Welcome to the rabbitry.... we are rabbit fanciers of both the Dwarf Hotot and the New Zealand. The rabbitry was originally started in 2008 with the "only one rabbit" for a 4-H project for our grandson. Tanzy was a broken black Polish. She has since been retired and the "queen"
of our barn. Tanzy had lived a long life in our rabbitry, sadly she passed away on December 10, 2014 just  2 months before her 9th birthday. 

     After a few shows, enjoying our "family time" together and the people
that we've met, our rabbitry was born. We established and registered
MOE's Rabbitry with the American Rabbit Breeders Association (ARBA) 
in January 2010. Along with our family memberships in ARBA, ADHRC
(American Dwarf Hotot Rabbit Club), QSADHC (Quad State Area Dwarf
Hotot Club ​and the NVRBA (Northern Virginia Rabbit Breeders Assoc.).
As the saying goes "multiplying like rabbits", Andrew's single hole 4-H
rabbit project has now become an approximate 120+ hole rabbitry barn.
With our grandson growing up, moving on in life and establishing a barn
in his own right. ​ ​



Dwarf Hotots:     

                                                      ​​      We added our first set of Dwarf Hotots from the 2010 PaSRBA Convention                                                             from Beth Collins (Family Pride Rabbitry), of Tara, ON Canada. With additional                                                           does from Marilyn Miller (The Hills Rabbitry), Makenzie Kline (Kenzie's Dwarf                                                             hotots), Chris DeGasperi (Rockin C Mini Rex), and Joyce Holton (Good  Hope                                                               Rabbitry).


                                                            Since that day in early February 2010, the rabbitry has made giant leaps of   
                                                      accomplishments. Some of which are rabbits obtaining their "certificates of       
                                                      registery" and some even obtaining their registered grand champion certificates
 from ARBA.

      According to the Standard of Perfection, the definition of the Dwarf Hotot is ...  the  body  should  be  short, compact, and well rounded. Somewhat to that of a small  soccer  ball.  The head should be bold, with good width between the eyes. Muzzle should  be  well  filled and round in all directions. Ideally the head should be attached to the body with no visible neck. Ears should be short, well furred, and of good substance. They should be balanced with the body. They should sit erect and well set. They should also be slightly rounded at the tips and balance with the head and body. Their length not to exceed 2 3/4 inches. Their eyebands should be about the thickness or width of two stacked pennies.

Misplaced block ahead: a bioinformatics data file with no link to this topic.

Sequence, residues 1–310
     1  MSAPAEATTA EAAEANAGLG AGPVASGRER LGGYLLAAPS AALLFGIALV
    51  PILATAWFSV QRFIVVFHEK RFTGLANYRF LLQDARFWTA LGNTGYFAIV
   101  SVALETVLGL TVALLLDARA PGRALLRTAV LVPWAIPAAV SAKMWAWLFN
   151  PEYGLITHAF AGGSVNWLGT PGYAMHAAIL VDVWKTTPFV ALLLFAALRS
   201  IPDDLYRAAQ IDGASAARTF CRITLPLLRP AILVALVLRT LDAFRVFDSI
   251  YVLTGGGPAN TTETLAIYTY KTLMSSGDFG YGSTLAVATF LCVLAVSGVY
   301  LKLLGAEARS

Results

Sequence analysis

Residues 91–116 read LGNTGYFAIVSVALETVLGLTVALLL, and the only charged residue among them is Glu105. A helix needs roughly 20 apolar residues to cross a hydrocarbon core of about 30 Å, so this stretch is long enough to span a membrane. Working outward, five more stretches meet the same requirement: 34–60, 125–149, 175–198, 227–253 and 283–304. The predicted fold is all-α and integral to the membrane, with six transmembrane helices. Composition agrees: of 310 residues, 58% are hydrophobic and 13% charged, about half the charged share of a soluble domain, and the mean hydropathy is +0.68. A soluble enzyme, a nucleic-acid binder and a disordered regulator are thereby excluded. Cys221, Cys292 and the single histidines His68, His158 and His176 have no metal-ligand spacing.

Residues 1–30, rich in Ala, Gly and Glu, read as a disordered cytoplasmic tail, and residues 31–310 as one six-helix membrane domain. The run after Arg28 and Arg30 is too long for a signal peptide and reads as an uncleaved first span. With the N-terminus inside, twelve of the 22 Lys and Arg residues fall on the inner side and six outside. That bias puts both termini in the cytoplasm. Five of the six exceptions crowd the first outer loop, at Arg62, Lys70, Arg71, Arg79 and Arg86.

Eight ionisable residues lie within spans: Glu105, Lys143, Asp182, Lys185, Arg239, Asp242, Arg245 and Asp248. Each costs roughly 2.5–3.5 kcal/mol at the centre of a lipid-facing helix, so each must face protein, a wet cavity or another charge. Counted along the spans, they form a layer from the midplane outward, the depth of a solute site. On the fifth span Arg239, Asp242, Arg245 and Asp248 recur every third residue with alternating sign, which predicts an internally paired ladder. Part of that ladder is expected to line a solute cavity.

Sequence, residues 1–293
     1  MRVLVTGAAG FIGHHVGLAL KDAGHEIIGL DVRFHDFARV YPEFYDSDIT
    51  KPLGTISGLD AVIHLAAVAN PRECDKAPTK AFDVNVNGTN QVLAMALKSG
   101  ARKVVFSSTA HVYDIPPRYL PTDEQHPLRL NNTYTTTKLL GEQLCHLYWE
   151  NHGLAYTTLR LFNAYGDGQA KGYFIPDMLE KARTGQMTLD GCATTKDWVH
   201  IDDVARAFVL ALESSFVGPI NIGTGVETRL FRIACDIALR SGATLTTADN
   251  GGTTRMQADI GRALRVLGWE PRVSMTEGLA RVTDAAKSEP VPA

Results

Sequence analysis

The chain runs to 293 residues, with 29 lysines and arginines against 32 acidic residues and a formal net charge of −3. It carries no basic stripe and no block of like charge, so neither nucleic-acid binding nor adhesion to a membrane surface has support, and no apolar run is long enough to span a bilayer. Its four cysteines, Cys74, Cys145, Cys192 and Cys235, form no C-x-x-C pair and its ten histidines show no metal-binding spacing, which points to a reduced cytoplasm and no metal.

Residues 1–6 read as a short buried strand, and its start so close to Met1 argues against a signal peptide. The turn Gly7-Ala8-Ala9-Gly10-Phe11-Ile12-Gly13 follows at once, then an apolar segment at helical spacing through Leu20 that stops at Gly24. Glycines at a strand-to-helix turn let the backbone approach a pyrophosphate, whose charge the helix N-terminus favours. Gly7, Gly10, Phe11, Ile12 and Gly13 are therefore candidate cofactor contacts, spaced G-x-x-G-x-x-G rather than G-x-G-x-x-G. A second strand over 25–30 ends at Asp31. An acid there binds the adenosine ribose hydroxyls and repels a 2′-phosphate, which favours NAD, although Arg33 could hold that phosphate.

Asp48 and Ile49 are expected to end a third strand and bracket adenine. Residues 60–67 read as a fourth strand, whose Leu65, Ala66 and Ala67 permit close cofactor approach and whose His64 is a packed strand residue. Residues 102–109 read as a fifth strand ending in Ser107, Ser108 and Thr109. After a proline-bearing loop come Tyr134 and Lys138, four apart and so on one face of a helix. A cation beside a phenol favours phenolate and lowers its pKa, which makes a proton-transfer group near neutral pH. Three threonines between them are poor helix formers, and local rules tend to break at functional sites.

New Zealands:

                                                          Our Rabbitry's first New Zealands came from Karen Calahan (Karen's                                                                      Rabbitry from the Eastern Shore of MD) and Richard & Brenda Godfrey                                                                        (Godfrey's Rabbits from PA). 

                                                          According to the Standard of Perfection, the definition of the Flemish Giant                                                            is... the body should crate an impression of balance and uniformity in the                                                                    mind. The animal must exemplify meat producing qualities. It is to have well                                                              ​​rounded hips, well filled loin, and ribs carrying forward to combine with shoulders that balance with the rest of the body. The shoulders should blend smoothly into the midsection, and the midsection should blend smoothly into the hindquarters. The body should be of medium length, with good depth. when viewed from the side, the top body-line should start immediately at the base of the ears and rise in a continuous curve to the high point over the center of the hips and then fall in a smooth curve downward to the base of the tail. when viewed from above, the sides should taper slightly from hindquarters toward the shoulders. Te hindquarters are to be broad, smooth, well filled with firm flesh, and with the lower sides of the hips well developed. The midsection is to be broad, firm, meaty, and carry as much flesh as possible on both sides of the spine. The shoulders are to be well developed, with good depth and width.The head is to be full, with well filled face and jaws, presenting a slight curvature between the eyes and nose. The size of the head should balance and conform with the body and be more massive in bucks than does. It should be set closely on the shoulders, with the neck as short as possible. Ears are to be medium thick, well shaped, in proportion to head and body, and with well rounded tips. They should be well set on the head, with a good heavy ear base, and carried erect.
Mame & Op's Enterprises
Picture coming soon!